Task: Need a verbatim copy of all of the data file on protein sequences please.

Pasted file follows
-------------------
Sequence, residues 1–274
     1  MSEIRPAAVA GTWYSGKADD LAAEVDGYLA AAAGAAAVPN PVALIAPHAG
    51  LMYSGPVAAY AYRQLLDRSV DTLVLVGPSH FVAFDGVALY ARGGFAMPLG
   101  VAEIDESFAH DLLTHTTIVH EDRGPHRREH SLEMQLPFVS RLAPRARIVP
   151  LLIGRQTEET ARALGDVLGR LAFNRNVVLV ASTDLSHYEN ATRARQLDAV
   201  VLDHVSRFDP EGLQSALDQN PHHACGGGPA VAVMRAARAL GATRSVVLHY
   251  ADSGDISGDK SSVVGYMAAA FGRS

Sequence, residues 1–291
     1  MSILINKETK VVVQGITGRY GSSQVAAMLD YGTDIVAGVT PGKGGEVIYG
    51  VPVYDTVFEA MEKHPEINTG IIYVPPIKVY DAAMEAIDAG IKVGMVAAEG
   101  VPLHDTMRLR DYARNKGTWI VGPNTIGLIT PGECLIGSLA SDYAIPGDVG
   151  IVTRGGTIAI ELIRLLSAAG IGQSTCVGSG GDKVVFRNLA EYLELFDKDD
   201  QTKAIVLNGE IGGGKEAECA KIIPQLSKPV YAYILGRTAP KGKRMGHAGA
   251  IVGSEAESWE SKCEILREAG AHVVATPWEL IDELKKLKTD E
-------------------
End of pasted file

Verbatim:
Sequence, residues 1–274
     1  MSEIRPAAVA GTWYSGKADD LAAEVDGYLA AAAGAAAVPN PVALIAPHAG
    51  LMYSGPVAAY AYRQLLDRSV DTLVLVGPSH FVAFDGVALY ARGGFAMPLG
   101  VAEIDESFAH DLLTHTTIVH EDRGPHRREH SLEMQLPFVS RLAPRARIVP
   151  LLIGRQTEET ARALGDVLGR LAFNRNVVLV ASTDLSHYEN ATRARQLDAV
   201  VLDHVSRFDP EGLQSALDQN PHHACGGGPA VAVMRAARAL GATRSVVLHY
   251  ADSGDISGDK SSVVGYMAAA FGRS

Sequence, residues 1–291
     1  MSILINKETK VVVQGITGRY GSSQVAAMLD YGTDIVAGVT PGKGGEVIYG
    51  VPVYDTVFEA MEKHPEINTG IIYVPPIKVY DAAMEAIDAG IKVGMVAAEG
   101  VPLHDTMRLR DYARNKGTWI VGPNTIGLIT PGECLIGSLA SDYAIPGDVG
   151  IVTRGGTIAI ELIRLLSAAG IGQSTCVGSG GDKVVFRNLA EYLELFDKDD
   201  QTKAIVLNGE IGGGKEAECA KIIPQLSKPV YAYILGRTAP KGKRMGHAGA
   251  IVGSEAESWE SKCEILREAG AHVVATPWEL IDELKKLKTD E